The fact is that all cars are subject to depreciation and in general lose between 15 and 20 per cent of their retail value each year. With this in mind, it is worth noting that a car that is three years old will be worth approximately 80 per cent of the value of a two-year old car. Yet not all cars depreciate equally and it is therefore the aim of this article is to explain why cars depreciate and which car models are subject to the least amount of depreciation.
The first year tends to constitute the steepest drop in value and in fact, the value drops to its wholesale value as soon as the car is driven off the lot and the drop is typically hundreds, if not thousands of pounds. In addition, the money spent on car tax and insurance will not be factored into the resale.
After this, the wearing of components are assumed to have taken place the older the car gets – through supposed exposure to the elements – even if the car has hardly been used and this is indicated by the mileage.
Mileage is an important factor in determining resale value and if the car goes over what is expected by the industry for its age, then it will depreciate more quickly.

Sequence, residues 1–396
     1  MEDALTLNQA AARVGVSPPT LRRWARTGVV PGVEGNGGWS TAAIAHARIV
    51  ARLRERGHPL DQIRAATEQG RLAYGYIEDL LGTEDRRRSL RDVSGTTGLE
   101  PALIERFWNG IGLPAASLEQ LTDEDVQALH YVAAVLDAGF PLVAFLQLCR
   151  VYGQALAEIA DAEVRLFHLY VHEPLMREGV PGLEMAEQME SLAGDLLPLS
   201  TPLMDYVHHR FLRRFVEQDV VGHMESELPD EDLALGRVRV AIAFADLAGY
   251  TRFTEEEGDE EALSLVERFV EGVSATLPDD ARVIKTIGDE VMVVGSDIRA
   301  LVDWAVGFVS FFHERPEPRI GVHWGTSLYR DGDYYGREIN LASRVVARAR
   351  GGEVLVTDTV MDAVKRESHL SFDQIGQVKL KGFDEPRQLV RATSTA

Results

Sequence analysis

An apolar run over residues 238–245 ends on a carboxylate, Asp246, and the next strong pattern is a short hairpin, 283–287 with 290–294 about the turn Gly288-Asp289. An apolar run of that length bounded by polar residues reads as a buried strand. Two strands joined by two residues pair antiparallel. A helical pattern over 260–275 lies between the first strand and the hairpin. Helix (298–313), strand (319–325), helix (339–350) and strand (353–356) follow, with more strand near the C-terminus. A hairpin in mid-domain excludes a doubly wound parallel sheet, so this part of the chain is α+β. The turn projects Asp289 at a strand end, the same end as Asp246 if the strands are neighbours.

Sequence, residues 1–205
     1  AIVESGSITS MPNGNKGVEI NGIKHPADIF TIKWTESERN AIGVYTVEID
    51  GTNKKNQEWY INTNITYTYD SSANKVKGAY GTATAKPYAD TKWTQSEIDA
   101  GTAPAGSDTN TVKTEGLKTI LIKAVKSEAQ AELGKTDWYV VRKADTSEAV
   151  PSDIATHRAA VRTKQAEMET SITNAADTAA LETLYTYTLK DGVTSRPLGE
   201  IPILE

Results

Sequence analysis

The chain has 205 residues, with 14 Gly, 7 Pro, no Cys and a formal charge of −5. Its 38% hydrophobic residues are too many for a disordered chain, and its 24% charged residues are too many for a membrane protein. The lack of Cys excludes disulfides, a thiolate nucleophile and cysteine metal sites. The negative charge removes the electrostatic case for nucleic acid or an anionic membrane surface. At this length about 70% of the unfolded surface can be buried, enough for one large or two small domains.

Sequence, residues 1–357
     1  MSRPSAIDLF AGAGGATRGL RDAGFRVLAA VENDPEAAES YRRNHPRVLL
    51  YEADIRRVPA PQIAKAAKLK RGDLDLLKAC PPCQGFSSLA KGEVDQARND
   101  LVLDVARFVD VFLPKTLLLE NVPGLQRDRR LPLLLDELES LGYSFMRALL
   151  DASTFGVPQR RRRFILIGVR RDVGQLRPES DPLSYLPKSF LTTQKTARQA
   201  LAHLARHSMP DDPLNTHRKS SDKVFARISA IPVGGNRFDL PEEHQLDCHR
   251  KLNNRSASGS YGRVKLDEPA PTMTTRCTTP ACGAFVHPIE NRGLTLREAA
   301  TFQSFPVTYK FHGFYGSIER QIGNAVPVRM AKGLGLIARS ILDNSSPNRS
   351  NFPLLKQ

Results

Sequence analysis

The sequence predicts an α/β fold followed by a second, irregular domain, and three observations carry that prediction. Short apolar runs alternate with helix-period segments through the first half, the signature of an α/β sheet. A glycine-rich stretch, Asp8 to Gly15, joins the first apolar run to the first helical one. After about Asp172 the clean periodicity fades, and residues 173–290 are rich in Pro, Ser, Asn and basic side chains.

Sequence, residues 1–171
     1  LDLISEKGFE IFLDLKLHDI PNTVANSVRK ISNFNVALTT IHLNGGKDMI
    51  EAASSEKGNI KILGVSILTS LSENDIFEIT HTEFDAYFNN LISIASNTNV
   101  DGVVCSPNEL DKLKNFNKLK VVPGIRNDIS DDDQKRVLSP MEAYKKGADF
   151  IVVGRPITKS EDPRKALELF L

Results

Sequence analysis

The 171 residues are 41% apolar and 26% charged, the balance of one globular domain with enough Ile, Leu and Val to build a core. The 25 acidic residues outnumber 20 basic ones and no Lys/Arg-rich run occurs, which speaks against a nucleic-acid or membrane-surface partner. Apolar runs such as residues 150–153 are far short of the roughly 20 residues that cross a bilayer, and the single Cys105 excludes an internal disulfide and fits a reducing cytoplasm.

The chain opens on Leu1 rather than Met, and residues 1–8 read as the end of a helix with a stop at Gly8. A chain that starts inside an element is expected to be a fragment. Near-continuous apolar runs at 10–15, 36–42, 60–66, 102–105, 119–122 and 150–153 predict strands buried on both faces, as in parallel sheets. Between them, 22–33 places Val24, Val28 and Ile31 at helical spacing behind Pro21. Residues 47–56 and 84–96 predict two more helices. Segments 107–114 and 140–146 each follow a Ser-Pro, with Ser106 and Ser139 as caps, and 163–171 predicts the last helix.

Which cars depreciate?
The cars that depreciate the least include: the Porsche Cayenne, Morgan Plus-4 and the Ferrari California. However, you don’t necessarily need a supercar to enjoy decent resale value. Here is a look at relatively affordable cars that have great residual value.
Toyota Urban Cruiser
The diesel variant of this car typically retains 55.5 per cent of its value over three years or 30,000 miles.
Audi A6 Allroad diesel
Due to its off-road capabilities coupled with its rugged looks and German engineering, this model retains 55.6 per cent after three years or 30,000 miles.
The diesel version of this sporty looking model have the best resale value of all the Scirroco models, retaining 57.6 per cent of its resale value after three years or 30,000 miles.
This small off-roader has a surprisingly strong resale value, with 57.9 per cent retained after either three years or 30,000 miles.
All modern Fiat 500 models have decent resale value, but it is the open-air variant that retains the most, with 58.4 per cent retained after three years or 30,000 miles.
If you needed proof that it isn’t only supercars that enjoy impressive residual values, the Skoda Yeti proves just that, providing a whopping 65.4 of its original value after three years or 30,000 miles.
5 tips on maintaining resale value
1. Always do thorough research – look for depreciation data and look at trends in used prices
2. Buy a car either nearly-new or used to avoid the steepest depreciation levels
3. If a car has optional extras, only choose those that will add value to the car
4. Never add ‘boy-racer’ style modifications
5. Have your car serviced regularly